August 25, 2014 at 11:59 pm | Posted in Film Review | Leave a comment
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Another Scarlett Johansson film, it must be a science fiction film. I went to see Lucy the other day.

Warning: plot elements discussed.

It is very much a Luc Besson film: slick fight choreography (Matrix/martial arts); crazy car sequences (Lucy drives the wrong way through Paris -at speed); rough unshaven cops; slick bad guys; and tight shots.

Johansson’s performance holds the film together and in many ways up. She plays Lucy – the ‘heroine’. The film starts in Taiwan and Lucy through a dodgy boyfriend ends up being offered a ‘can’t refuse deal’ from the Korean Mafia. Why Lucy is studying in Taiwan is never explained, and therefore that part of the back story unbelievable.

Lucy becomes a reluctant drug mule – this film can’t do good things for tourism in Asia. Her new business associates inexplicably detain her and beat her so badly the drug sachet inside her body ruptures and releases a massive does of some new tailored recreational drug into her system, and as it shows in the trailers, she starts accessing all of her brain – not just the 10% attributed to folklore. Lucy moves from party girl with interesting past issues to driven superior being.

Morgan Freeman plays the role of a neurologist – who is used to introduce some nice natural photography shots and explain brain pseudo-science to the films audience. Its quite a clever way to explain what purportedly happens if we used all of our brains.

Thats all really, there are some nice CGI of cell division, some kick-ass gun battles and there is a not too surprising end.


Olympus Has Fallen

April 21, 2013 at 10:13 am | Posted in Film Review | Leave a comment
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Olympus has Fallen is strictly a boys’ movie.

Plot discussed – in some detail

Once Ashley Judd’s character dies in the opening minutes – never to be seen again – the film revolves around Gerard Butler (Mike Manning), Aaron Eckhart (The President), and Rick Yune (Kang). Kang – a North Korean – is the bad guy; The President is the ‘game token’ – held for long periods by Kang, but as in most games, it is who hold the token at the end who determines who wins; Manning is a Secret Service Agent – on a self-tasked with getting the token back.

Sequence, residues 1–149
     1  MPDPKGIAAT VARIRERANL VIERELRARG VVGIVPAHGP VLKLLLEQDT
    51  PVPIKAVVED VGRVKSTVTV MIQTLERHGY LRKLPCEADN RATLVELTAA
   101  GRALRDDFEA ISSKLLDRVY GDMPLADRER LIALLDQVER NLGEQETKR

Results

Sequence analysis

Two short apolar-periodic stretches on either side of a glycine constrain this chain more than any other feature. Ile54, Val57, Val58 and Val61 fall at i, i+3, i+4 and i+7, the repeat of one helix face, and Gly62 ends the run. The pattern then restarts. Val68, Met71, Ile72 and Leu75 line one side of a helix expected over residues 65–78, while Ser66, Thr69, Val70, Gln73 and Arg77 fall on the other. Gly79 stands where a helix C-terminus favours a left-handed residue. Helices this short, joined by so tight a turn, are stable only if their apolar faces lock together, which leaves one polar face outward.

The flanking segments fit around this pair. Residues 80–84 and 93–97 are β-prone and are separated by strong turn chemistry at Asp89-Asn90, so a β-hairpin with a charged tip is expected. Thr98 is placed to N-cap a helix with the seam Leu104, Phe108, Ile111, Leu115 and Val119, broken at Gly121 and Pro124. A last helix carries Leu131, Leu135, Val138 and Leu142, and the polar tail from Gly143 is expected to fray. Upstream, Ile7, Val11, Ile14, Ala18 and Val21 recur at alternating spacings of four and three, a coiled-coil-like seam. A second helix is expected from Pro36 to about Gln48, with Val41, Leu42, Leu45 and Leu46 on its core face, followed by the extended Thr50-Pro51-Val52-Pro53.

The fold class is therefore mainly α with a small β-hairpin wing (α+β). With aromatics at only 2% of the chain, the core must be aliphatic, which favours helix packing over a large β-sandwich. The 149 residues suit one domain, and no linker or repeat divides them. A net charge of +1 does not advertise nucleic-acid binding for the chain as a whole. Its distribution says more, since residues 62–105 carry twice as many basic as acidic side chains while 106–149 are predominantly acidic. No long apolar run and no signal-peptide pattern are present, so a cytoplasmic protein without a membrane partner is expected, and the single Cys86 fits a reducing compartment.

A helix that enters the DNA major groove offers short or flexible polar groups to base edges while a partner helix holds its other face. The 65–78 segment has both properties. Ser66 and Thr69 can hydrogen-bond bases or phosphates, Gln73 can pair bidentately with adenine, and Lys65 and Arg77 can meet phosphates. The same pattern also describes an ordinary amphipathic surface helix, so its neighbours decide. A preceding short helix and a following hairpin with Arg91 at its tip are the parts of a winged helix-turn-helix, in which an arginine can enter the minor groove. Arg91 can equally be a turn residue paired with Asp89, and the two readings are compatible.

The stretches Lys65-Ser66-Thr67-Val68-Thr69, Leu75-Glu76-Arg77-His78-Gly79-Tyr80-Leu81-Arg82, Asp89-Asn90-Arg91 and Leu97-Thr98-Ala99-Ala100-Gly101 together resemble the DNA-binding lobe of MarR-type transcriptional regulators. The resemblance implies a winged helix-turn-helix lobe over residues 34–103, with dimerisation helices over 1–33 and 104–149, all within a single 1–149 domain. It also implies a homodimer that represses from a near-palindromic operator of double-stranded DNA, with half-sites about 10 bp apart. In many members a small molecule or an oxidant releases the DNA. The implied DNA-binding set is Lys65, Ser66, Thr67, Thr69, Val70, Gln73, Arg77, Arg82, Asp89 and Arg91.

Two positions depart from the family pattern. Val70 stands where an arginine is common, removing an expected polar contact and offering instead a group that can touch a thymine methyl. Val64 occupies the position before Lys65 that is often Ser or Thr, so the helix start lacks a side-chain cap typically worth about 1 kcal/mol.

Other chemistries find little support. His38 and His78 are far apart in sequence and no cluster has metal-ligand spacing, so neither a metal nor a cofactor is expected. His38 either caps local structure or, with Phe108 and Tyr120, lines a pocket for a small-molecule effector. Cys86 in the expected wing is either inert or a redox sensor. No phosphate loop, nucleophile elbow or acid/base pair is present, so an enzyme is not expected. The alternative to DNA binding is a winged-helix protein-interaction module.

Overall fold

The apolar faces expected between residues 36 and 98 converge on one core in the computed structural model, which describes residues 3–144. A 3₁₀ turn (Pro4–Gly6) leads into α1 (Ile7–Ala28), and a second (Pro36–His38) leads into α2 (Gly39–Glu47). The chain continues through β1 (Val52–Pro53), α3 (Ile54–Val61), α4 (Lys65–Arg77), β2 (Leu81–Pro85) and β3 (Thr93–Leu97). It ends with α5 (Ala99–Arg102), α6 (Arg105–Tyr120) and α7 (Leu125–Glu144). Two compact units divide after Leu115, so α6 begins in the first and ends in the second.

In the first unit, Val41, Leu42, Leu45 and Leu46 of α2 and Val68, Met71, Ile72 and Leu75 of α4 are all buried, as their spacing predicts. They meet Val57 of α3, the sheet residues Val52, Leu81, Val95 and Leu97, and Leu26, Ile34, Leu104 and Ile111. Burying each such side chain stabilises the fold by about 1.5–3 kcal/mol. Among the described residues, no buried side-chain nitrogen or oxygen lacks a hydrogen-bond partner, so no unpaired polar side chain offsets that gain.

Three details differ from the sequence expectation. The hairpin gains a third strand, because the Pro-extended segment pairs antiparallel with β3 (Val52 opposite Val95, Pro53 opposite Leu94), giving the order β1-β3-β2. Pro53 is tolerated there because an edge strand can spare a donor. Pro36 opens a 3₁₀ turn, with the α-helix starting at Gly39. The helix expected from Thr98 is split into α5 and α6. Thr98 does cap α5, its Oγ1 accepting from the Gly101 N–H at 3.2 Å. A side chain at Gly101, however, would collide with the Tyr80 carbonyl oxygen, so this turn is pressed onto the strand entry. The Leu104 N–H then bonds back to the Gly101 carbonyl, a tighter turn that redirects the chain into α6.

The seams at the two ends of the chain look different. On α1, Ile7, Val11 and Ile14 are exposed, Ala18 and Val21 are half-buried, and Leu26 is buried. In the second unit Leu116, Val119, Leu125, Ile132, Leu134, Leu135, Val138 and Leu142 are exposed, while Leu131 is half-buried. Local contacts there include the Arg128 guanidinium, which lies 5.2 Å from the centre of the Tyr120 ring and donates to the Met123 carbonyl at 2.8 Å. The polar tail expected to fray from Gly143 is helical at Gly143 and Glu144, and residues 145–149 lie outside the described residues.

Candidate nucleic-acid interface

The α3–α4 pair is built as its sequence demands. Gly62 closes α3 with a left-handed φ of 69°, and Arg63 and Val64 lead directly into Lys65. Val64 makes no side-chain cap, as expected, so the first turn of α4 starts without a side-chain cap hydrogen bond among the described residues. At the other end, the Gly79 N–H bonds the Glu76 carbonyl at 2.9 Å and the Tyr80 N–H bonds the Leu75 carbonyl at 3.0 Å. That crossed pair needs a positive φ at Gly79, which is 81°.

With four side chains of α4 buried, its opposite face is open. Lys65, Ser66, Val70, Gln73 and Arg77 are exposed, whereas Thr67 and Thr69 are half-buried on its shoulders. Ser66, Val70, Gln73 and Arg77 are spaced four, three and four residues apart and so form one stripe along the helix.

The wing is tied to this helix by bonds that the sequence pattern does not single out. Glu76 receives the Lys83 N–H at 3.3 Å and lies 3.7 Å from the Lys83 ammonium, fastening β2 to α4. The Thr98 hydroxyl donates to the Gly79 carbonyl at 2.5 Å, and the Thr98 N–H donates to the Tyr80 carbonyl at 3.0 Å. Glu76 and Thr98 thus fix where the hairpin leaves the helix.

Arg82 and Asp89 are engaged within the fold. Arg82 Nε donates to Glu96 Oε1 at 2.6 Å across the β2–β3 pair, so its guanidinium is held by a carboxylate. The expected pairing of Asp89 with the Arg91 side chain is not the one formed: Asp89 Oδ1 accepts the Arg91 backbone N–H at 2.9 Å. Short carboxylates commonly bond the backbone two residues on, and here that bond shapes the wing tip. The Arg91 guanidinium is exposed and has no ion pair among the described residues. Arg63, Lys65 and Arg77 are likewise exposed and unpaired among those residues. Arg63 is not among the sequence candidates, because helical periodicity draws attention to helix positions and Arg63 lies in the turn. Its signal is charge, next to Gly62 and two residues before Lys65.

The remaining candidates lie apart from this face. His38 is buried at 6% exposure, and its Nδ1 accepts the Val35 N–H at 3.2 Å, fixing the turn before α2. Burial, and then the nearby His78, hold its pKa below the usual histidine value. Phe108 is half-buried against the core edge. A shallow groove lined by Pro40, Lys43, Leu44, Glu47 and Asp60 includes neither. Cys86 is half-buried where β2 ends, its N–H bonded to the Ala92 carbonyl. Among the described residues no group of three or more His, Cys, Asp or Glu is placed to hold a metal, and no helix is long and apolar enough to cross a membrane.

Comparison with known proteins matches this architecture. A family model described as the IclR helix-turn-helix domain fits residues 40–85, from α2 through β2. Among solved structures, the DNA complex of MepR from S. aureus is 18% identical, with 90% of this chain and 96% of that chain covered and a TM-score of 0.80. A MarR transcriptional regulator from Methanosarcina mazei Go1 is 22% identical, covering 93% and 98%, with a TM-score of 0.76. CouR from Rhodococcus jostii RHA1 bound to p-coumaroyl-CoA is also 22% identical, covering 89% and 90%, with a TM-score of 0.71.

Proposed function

The film is like a tribute to the early Die Hard movies. One man trapped in a building – the White House – with terrorists; will he have enough ammunition? will he have enough time, before his superiors negotiate away everything.

The film works through a scenario where enough ‘red’ forces overwhelm the White House Secret Service Detail and take it over and hold the President hostage. In reality, I hope that the White House has more internal defenses than shown, and that the Secret Service Detail have better tactical awareness – still it is a movie, and hopefully make believe. Once the terrorist hold the White House, they start torturing the nuclear fail-safe codes from the President, Vice-President and Secretary of Defense.

Manning is in the right place – inside the White House – to remove the terrorist one by one. In the end, all it needs is one man on the spot prepared to do whatever is needed – even if he has to wade through a stack of bodies and ditch his morals. There is a reason why this is an R16.

Morgan Freeman makes an appearance as the Speaker for the House, and second in the succession, so ends up negotiating with the terrorists. One in accuracy: he is never sworn in.

The film comes out at a time when tensions on the Korean Peninsula are rising, so that it is a bit more relevant.

I was disappointed that Ashley Judd got so little time on screen.


April 18, 2013 at 9:07 am | Posted in Film Review | 1 Comment
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I went to see Oblivion the other day, and was pleasantly entertained: part thriller and part action movie, with nice inverting plot twist. I did think the last two minutes detracted from the film’s overall impact.

Plot details revealed.

Tom Cruise is Jack – a post-war drone repair man. The film is set in a post human-alien war setting. It sounds a bit preposterous, but is what provides the plot device through which the film’s plot is explored. The drones are like the zeroids from Terrahawks on steroids! The drones are heavily armoured, fly, and have quadruple ‘auto-cannon’. They protect massive energy extraction plants that suck up seawater.

Andrea Riseborough plays Victoria – Jack’s partner in all ways; she is his com-tech, local controller, and life partner. I felt she had the most challenging role.

Olga Kurylenko plays Julia, an astronaut and someone from Jack’s past.

Morgan Freeman puts in an appearance as a resistance leader.